Graham Farrant: It took a bit longer than it should have, in part because of the long-standing nature of our employees and an ingrained and old-fashioned culture, which I have described as being “command and control” rather than being empowering and enabling. Most of our staff are professional caseworkers, exercising quasi-legal judgment on registration applications, and of course we have over 100 lawyers exercising actual legal judgment. I had to build a new top team, with the capacity to change the culture and empower our colleagues while still doing 120,000 things every day, from responding to requests for official information about property ownership, to first registration of unregistered land.
We now have a completely new top team in place, with new directors and deputy directors throughout, many of whom are new to the agency and many of whom are very experienced here, but in new roles that play to their undoubted strengths. The whole leadership group is committed to the new business strategy as well. They know exactly what they have been appointed to achieve, and they know that we will only deliver it if we work collectively. And, further down, the whole organization is getting behind the new vision for the organization, because they recognize the words and the ambition, and it just feels totally different.
McKinsey: What was the vision?
Graham Farrant: Staff buy-in to the principles of registration was huge. They believed they were part of a good team, that they did worthwhile work. They believed that the board had no idea what they did because it just talked about efficiency gains. They kept talking to me about assurance, about integrity. So I introduced values they recognized: “We give assurance, we have integrity, we drive innovation, we are professional.” And they all said, “That’s what we do for a living. We recognize those words.” So suddenly we had a set of values they bought into. We went for the mission statement, “Your land and property rights guaranteed and protected.” Simple, and we do what it says in the mission. We register land and protect people’s interest in that land. This realignment back to our core purpose was central to the development of our new business strategy, which I was immensely proud to launch with our key stakeholders at the end of 2017. Both colleagues and the wider property sector have really got behind it, because it absolutely looks to the future but absolutely recognizes the agency’s rich history, too.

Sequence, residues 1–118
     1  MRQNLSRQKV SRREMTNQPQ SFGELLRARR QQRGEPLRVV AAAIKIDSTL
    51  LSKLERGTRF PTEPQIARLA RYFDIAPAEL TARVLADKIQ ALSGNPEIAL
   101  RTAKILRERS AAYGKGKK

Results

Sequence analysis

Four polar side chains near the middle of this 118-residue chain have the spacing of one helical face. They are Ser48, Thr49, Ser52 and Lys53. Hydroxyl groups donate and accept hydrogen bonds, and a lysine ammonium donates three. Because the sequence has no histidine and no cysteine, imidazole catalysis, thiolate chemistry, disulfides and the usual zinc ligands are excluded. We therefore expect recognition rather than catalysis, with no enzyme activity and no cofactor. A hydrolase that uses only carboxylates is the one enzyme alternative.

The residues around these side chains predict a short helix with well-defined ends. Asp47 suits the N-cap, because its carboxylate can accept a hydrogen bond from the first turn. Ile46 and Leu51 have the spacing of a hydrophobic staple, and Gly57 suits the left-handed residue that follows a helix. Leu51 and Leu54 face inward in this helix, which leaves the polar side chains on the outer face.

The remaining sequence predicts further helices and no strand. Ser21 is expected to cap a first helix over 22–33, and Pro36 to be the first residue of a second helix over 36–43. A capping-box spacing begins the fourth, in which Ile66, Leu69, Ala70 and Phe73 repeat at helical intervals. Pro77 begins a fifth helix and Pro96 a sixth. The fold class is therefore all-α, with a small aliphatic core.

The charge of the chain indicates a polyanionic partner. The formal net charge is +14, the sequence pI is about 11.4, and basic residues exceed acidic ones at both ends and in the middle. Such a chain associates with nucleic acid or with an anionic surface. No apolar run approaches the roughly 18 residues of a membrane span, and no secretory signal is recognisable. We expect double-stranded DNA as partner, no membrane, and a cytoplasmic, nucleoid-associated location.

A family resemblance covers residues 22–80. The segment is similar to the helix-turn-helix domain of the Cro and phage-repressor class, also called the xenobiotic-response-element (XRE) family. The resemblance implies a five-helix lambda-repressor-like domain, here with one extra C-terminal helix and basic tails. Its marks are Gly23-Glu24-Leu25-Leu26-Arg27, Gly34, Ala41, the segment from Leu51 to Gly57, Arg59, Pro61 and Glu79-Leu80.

McKinsey: How did you communicate with staff through all this?
Graham Farrant: I went around the organization and stood in front of the entire staff, albeit in groups of 30, 40, and 50 at a time. I introduced a weekly blog. Bear in mind, most had never met the chief land registrar before. Suddenly, they get a weekly blog from me with the opportunity to post comments under their own names—no anonymity. Their colleagues can like or disagree with their comments as well as my blog. In the first few months, there were loads of negative comments—most of them along the lines of, “Graham, we’ve been saying the same thing for the past five or more years. Why hasn’t anyone been listening to us?” But that has evened out as people have had more opportunity to articulate their thoughts and share them directly with me. Now they know someone is listening. Staff understand what we’re doing, and they can see that I and the board believe in the registry and registration.
McKinsey: What was one of the biggest problems the organization faced?
Graham Farrant: Well, a good example is that 18 months ago was the first time the land registry had ever drawn up an organization chart and identified the full establishment in one place—who reports to whom and how big the teams are. For years, people had been leaving, and there hadn’t been any recruitment, even though we had this growing backlog of cases. We had radically reduced our staff numbers during the recession and took them down to a level that was absolutely the right size for that time. But then the market grew, and we just assumed that efficiency gains would cover the growth while we had ten to 20 people leaving every month on retirement. We got some efficiency gains, but not enough to make up the ground. We’d lose managers, we’d lose technical people, we wouldn’t recruit to those posts. So the shape of the teams by then was random in nature.